Observations From a Made-Up Climb in the Himalaya

So, after all this time,
these are the Himalayas.
I have read so much about you
but never thought I’d stand here,
high inside your secrets,
your startling ripped canvas of sky,
holes punches in the sea of clouds.
Everything feels muted.
A white muting,
thrust up into nothingness.

Where is your citizen, your Yeti?
Yeti, down there we’ve got Friday,
and alphabets, and packaged bread.
Roses of deep red,
and shiny storefront windows.

Yeti, crime is not all
we do down there.
Yeti, there is beauty out of the wind,
out of the cold howling.

Yeti, we’ve got Shostakovitch,
and Scrabble, and canned pears.
At nightfall, we turn on lights, Yeti.

Up here, it’s neither moon nor earth.
Tears freeze.  There’s nowhere to turn.
It is a placidness beyond pain,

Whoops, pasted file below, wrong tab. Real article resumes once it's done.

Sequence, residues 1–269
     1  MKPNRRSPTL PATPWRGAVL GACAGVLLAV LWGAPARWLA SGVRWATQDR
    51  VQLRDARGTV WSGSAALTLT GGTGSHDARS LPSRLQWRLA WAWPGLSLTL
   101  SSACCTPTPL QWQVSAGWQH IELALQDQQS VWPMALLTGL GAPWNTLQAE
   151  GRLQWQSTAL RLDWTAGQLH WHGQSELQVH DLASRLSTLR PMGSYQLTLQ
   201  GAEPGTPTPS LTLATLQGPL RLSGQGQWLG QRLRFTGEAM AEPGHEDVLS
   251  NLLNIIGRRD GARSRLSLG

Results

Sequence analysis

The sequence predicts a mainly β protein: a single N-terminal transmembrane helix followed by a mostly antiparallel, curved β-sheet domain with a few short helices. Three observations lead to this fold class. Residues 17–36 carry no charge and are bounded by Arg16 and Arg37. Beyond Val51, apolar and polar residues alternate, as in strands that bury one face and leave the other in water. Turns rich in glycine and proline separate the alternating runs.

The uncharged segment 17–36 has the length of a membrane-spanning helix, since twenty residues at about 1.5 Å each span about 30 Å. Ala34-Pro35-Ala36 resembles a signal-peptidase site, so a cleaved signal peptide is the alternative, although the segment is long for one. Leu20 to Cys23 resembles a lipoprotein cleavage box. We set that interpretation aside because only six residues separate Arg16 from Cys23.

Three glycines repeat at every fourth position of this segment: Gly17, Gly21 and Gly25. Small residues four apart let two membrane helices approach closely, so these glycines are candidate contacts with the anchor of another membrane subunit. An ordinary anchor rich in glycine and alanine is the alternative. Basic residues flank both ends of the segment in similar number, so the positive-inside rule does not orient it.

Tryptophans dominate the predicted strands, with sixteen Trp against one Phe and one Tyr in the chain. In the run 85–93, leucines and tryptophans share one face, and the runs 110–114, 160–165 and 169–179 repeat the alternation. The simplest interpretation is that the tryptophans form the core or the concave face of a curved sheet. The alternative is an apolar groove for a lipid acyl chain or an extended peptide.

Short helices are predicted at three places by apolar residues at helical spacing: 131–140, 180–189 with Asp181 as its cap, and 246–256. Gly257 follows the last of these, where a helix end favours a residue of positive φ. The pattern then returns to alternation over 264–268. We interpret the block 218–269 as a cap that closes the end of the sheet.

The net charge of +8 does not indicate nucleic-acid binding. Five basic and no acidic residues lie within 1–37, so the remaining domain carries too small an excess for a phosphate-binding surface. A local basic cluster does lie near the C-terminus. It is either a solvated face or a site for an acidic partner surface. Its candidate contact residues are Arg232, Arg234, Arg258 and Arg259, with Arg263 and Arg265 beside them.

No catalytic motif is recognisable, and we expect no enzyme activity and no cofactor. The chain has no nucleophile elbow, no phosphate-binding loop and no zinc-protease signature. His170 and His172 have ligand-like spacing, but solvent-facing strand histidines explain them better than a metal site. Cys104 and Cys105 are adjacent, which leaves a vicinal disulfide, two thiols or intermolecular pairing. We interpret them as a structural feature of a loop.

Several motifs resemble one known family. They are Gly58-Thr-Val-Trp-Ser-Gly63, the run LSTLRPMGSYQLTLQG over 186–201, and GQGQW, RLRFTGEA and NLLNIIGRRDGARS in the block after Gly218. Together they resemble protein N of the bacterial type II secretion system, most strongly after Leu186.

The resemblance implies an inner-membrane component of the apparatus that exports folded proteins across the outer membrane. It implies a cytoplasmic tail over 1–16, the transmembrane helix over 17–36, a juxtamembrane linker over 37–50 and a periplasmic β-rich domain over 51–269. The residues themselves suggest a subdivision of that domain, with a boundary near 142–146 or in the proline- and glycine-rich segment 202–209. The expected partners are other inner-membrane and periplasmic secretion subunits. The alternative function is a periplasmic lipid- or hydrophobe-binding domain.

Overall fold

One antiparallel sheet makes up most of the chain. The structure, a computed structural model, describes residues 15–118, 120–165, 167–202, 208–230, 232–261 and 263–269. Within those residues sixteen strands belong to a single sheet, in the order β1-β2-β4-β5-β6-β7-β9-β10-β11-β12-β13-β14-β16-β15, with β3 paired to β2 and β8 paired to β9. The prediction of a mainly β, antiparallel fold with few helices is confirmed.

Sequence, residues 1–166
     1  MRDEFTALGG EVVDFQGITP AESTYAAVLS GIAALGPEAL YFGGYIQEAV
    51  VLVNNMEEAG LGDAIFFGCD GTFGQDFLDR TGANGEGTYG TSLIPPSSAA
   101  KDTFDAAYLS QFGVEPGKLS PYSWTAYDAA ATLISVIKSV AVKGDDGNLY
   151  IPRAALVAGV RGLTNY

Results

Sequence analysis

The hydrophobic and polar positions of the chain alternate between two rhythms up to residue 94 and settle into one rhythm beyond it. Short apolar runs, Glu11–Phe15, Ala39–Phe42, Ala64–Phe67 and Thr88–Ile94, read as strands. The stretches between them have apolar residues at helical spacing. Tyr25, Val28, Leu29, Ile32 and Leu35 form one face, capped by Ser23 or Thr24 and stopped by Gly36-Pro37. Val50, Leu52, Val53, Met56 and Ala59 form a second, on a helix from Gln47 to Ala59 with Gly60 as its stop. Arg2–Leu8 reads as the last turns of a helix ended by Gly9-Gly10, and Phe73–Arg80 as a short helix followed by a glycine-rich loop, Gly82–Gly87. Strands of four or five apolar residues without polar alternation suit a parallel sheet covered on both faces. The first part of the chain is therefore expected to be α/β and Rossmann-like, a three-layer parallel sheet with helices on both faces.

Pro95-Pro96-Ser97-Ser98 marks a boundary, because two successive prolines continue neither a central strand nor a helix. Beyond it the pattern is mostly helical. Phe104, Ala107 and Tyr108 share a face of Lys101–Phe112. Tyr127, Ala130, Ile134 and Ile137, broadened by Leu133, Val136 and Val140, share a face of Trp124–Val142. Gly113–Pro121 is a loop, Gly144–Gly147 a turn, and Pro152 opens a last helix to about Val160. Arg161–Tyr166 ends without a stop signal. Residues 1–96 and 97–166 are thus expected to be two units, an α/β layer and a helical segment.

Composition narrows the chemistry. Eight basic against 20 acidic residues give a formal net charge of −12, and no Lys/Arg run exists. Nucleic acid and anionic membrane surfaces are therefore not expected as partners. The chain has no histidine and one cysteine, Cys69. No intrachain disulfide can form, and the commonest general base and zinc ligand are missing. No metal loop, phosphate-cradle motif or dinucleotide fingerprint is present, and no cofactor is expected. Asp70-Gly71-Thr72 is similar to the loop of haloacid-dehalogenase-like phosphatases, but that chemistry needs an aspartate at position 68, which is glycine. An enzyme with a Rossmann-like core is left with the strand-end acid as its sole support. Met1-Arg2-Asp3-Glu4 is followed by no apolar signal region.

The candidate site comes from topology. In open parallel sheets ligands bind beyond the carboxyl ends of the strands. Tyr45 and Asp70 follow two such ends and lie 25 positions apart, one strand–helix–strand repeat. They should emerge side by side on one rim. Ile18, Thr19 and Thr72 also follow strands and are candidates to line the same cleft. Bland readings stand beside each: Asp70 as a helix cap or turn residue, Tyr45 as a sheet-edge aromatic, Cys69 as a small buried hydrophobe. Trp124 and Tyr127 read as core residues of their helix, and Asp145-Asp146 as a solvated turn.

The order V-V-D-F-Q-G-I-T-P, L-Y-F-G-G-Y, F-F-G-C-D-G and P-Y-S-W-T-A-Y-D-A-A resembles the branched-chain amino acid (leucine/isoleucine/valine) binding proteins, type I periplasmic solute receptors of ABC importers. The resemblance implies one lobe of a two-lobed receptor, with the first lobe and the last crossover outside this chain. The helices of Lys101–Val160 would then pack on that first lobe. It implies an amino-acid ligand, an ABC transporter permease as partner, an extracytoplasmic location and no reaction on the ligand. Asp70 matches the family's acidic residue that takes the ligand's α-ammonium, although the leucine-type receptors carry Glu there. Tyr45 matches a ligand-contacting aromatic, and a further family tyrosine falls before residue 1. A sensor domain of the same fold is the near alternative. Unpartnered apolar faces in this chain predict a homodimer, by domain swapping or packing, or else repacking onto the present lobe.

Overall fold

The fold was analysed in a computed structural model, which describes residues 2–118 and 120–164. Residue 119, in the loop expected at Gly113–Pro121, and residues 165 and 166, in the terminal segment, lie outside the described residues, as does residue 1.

acute solitude.

Yeti, down there we have found a way to hope.
You could watch us as we birth children
among our glass ruins.
We master the art of forgetting.

Oh I would stay if I could, Yeti,
resident of the Himalaya,
never turning on lights at night
inside your four-walled avalanche
stomping on the everlasting snow
waiting for nothing.

3 Responses to “Observations From a Made-Up Climb in the Himalaya”

  1. Kiwi Warchola Says:

    That’s some heavy stuff. Makes me think about all that we do in this life. How much of it is futile? I’m our quest to make our lives easier have we over complicated things? I like pears. It sure is convient to open and a can and enjoy them. But to do that I need school, so I can get a job, so I can buy the pears. I’ll need a can opener, so someone has to build huge machines, so they can mine metal, so they can forge it, so they can sell it to me. A pear tree seems like a lot less work. I envy the Yeti.

    • sethdellinger Says:

      I find the prospect of living high in the dark, cold, windswept Himalayas a very romantic, lovely notion. But there’s also something about “down here” that remains just as attractive. Is there somewhere we could have both? In your hall closet with a flashlight? Inside your car, buried under a snowdrift?

  2. Kyle Sundgren Says:

    You should have invited the Yeti to climb down with you.

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